The Brief Wondrous Life of Oscar Wao by Junot Diaz is a novel published in the year 2007 to unprecedented acclaim, and the novel turned to be a huge critical and popular success winning The National Book Critics Award and The Pulitzer Prize for Fiction. Junot Diaz published his debut, which was called Drown, a collection of short stories that also received high acclaim from multiple critics including Hermoine Lee, the great literary biographer of Penelope Fitzgerald; yet it was not until this first novel, this masterpiece of diasporic fiction that he shot his way up to the stars. In a list compiled by the BBC which aimed to find the top 20 best novels of the 21st century, The Brief Wondrous Life of Oscar Wao ranked as the first above great modern classics such as Wolf Hall, The Known World, The Corrections, White Teeth, Gilead, Austerlitz, The Line of Beauty, My Beautiful Friend and The Half of a Yellow Sun. In a reader’s poll conducted by The Millions, the novel won the popular vote of being the best novel of the 21st century, yet again. By then, and I can cite many more critics, polls and references, it was clear that Junot Diaz, a man, a writer of novels and short stories couldn’t have been ignored by the literary world.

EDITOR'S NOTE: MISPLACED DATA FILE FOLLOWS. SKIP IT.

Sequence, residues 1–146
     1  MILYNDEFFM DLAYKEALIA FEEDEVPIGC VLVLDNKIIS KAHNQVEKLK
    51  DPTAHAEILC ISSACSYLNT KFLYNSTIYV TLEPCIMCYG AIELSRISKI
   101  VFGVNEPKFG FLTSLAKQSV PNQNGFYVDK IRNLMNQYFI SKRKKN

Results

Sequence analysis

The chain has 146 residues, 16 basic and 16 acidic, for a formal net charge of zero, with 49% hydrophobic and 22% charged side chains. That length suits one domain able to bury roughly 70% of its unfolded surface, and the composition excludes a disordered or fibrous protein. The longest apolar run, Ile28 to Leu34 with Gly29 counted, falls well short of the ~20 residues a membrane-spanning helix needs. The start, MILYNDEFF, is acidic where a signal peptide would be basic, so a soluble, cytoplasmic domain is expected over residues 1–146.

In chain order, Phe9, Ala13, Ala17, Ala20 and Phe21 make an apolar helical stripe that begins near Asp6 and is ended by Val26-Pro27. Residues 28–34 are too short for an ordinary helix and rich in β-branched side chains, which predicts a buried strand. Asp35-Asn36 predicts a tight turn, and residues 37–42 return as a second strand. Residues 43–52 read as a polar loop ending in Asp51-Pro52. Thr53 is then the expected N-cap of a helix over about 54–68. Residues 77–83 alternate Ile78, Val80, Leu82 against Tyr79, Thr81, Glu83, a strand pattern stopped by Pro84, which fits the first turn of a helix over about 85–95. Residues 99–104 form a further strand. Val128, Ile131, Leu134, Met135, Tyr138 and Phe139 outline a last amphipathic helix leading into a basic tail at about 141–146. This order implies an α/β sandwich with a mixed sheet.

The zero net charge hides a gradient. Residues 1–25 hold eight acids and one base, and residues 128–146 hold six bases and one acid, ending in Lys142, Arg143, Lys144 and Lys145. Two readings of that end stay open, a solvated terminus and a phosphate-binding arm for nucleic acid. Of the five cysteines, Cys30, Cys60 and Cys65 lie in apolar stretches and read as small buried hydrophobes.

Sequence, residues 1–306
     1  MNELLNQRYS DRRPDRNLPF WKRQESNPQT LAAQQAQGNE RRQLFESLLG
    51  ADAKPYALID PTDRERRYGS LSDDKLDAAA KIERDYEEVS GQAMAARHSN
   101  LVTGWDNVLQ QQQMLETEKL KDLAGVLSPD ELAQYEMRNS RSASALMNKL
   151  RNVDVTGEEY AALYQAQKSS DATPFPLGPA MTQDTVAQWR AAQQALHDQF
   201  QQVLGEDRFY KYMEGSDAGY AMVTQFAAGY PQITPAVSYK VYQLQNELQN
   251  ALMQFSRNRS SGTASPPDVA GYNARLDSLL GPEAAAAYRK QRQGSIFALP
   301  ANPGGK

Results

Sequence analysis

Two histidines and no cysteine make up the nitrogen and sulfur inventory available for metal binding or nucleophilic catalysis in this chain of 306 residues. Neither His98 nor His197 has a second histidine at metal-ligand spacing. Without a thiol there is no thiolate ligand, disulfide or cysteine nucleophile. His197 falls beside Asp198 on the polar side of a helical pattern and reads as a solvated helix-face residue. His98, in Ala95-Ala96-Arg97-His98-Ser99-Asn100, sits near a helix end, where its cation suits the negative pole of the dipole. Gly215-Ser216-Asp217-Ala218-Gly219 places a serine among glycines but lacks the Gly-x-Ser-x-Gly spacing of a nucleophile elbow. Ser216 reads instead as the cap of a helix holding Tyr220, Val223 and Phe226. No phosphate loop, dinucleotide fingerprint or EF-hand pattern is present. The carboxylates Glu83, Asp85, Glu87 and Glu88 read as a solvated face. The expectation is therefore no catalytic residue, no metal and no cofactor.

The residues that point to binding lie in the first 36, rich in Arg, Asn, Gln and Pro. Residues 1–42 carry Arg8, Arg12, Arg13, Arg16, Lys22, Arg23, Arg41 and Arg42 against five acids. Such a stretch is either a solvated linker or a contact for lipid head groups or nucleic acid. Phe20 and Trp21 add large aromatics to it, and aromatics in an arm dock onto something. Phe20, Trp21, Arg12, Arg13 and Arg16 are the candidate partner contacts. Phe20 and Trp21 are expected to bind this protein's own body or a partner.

Since the past few weeks, I have undertaken a task to read and review some of the best known novels of 21st century, because, I am afraid, it feels that I have to change my usual course of reading now, in order to analyse the voice lurking in our time; breathing, singing, and rising in the air, these voices from all different parts of the world cannot be ignored especially for a student of literature, they are paramount. The term Great American Novel has been used by many condescendingly and ignored by most. Jonathan Franzen is the only one to have appeared on TIME Magazine’s front cover as the Great American Novelist after he published his second masterpiece, Freedom. America can only be captured by the orchestra of polyphonic voices; otherwise, its soul would still be hidden in the mist. I would agree wholeheartedly that Jonathan Franzen is the Great American novelist, but others can claim the throne for themselves like Toni Morrison and Junot Diaz. If somebody were to say that it would not only be logical but also be true.